Inspired by Nature
One of the beautiful treasures we can experience in the summer while being outside is a wide variety of butterflies flying around. Did you know that the beautiful colors of their wings often arise not through pigments but through a phenomenon called structural color?
To make a colored material, usually, dye or pigment is used. Another way nature creates color is with a nanostructure that reflects or scatters light so that waves of specific frequencies can constructively interfere. These nanostructured materials are said to have structural color.
Structural coloration is created not by pigments but through the physical structure of materials at the microscopic or nanoscopic level. This phenomenon occurs when light interacts with these delicate structures, causing scattering, interference, diffraction, or refraction. As a result, specific wavelengths of light are amplified while others are diminished, creating vivid, sometimes iridescent colors that can change with the viewer’s perspective or the angle of illumination. Unlike pigment-based colors, which derive from chemical properties that absorb certain wavelengths of light, structural colors depend entirely on the geometry and arrangement of the structures with which light interacts, making them exceptionally vibrant and durable over time.
Structural coloration is a remarkable natural phenomenon that not only adds to the beauty of the natural world but also provides a blueprint for sustainable and innovative technologies. By understanding and harnessing the principles behind structural colors, we can develop materials and products that are vibrant, durable, and environmentally friendly. Unlike traditional color, which comes from dyes or pigments that absorb light, structural color can be made resistant to fading.
imagine what that could mean; if we could mimic this natural strategy, we could significantly reduce the number of toxic dyes and pigments and have the most beautiful colors. Some companies are already adapting the principle.
- Color-changing Materials: Researchers are developing materials that change color based on their structure. Such materials could, for example, be used in fashion, security printing, and sensors.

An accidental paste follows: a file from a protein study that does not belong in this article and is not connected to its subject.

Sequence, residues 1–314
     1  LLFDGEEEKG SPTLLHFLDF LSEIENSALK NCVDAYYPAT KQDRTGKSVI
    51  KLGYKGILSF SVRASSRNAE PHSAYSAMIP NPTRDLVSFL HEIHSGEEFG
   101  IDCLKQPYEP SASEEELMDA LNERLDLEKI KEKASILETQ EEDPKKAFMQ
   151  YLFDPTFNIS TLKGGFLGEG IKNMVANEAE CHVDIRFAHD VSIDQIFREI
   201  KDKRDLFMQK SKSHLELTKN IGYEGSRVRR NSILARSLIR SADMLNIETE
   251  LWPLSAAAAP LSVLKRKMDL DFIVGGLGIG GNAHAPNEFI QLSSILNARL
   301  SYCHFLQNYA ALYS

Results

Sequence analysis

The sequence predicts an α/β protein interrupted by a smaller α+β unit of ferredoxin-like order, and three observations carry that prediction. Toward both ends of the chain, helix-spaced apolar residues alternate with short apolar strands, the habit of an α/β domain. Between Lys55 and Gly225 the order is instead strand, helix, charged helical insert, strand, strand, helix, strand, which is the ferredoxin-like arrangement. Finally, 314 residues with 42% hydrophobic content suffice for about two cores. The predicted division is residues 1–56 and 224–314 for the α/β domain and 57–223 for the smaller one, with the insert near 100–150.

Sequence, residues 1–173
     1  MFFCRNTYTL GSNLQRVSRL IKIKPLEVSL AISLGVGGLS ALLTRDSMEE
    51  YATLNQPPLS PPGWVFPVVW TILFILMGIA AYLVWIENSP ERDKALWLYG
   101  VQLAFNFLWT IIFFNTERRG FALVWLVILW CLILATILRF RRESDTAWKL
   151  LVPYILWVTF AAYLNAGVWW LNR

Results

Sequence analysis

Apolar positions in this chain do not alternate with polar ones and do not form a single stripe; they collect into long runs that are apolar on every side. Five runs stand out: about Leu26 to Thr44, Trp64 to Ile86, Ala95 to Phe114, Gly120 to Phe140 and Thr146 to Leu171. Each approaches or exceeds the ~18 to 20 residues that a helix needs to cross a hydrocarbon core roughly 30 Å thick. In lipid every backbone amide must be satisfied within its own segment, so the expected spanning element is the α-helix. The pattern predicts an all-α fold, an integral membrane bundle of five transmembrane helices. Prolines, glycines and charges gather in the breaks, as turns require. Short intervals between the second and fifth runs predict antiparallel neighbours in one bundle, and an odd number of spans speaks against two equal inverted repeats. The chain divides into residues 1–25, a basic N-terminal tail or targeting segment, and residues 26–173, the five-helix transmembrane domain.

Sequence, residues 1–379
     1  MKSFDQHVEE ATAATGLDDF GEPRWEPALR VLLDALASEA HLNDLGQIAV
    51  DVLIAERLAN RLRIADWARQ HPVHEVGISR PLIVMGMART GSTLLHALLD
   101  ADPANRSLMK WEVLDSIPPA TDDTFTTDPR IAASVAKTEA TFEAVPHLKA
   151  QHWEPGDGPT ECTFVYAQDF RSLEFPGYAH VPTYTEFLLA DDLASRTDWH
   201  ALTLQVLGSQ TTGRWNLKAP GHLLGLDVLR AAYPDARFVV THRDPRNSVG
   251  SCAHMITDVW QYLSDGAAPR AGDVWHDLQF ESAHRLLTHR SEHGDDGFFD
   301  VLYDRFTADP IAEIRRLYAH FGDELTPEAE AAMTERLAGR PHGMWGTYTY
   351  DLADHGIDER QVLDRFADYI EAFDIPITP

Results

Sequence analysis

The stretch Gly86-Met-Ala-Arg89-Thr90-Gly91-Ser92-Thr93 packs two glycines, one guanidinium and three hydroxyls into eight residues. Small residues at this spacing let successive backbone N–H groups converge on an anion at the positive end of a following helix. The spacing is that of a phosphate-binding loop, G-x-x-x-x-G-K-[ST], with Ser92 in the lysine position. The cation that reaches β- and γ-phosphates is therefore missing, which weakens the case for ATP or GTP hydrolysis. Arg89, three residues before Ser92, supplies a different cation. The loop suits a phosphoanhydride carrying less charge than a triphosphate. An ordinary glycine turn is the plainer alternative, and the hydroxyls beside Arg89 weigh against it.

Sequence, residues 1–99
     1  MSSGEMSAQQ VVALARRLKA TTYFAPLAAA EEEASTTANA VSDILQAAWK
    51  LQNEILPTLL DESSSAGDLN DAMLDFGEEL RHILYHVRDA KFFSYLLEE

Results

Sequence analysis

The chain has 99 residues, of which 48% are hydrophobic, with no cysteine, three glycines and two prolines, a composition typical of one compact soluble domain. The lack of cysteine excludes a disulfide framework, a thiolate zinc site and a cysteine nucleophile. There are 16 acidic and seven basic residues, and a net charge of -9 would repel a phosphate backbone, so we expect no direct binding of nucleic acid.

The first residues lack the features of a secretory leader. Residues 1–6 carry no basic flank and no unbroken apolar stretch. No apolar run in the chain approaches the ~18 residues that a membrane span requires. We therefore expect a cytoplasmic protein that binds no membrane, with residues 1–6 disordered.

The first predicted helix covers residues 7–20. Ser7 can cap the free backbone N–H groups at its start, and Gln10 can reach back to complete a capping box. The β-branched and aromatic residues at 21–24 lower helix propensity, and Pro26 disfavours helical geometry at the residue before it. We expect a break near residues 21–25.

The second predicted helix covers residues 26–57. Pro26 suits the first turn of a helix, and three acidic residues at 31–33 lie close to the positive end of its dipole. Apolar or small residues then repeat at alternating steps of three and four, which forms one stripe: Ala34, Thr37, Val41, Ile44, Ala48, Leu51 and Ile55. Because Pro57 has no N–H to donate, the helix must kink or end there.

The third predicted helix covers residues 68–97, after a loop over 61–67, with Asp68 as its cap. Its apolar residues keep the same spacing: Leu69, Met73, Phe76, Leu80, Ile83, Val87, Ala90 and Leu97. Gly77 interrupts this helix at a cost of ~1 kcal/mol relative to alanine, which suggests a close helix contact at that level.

- Anti-counterfeiting Technologies: The nature of structural colors makes them ideal for anti-counterfeiting measures in currency and identity documents, which are only possible with specific knowledge and technology.
- Energy-efficient Displays: Structural colors have the potential to be used in creating more energy-efficient displays for electronic devices, relying on the manipulation of light at the microscale rather than the emission of light from pigments.
Be inspired by some examples of beautiful structural colors:
pollia condensata "marple berry"
blue and yellow macaw
Do you want to be more inspired by nature?
At the core of biomimicry lie the Life’s Principles, a set of universal design guidelines derived from the patterns and strategies found in nature. These principles serve as a framework for sustainable and regenerative solutions, offering insights into how organisms have adapted and flourished over time. By emulating these principles, we can create solutions that are efficient and resilient and in harmony with the natural world.
You may already know the concept of a technical and biological cycle as a framework for the circular economy. For transitioning to a circular economy, the two main cycles are divided into smaller loops which show the processes that enable materials and products to stay in circulation or sagely biodegrade. We will have a closer look at how these cycles work with the help of the famous so-called butterfly diagram.
For limiting climate change and the transformation to a more sustainable future, it is necessary to rethink consumption and production patterns and decouple well-being from environmental degradation. For that purpose, nearly everything needs to be redesigned in a more eco-friendly, life-supporting way. We use Biomimicry and Design thinking for that purpose.